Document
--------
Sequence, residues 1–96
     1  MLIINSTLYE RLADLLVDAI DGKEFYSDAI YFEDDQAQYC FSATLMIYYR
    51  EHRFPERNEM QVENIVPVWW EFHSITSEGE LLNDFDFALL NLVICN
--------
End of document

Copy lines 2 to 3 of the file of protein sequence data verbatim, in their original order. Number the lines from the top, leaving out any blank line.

     1  MLIINSTLYE RLADLLVDAI DGKEFYSDAI YFEDDQAQYC FSATLMIYYR
    51  EHRFPERNEM QVENIVPVWW EFHSITSEGE LLNDFDFALL NLVICN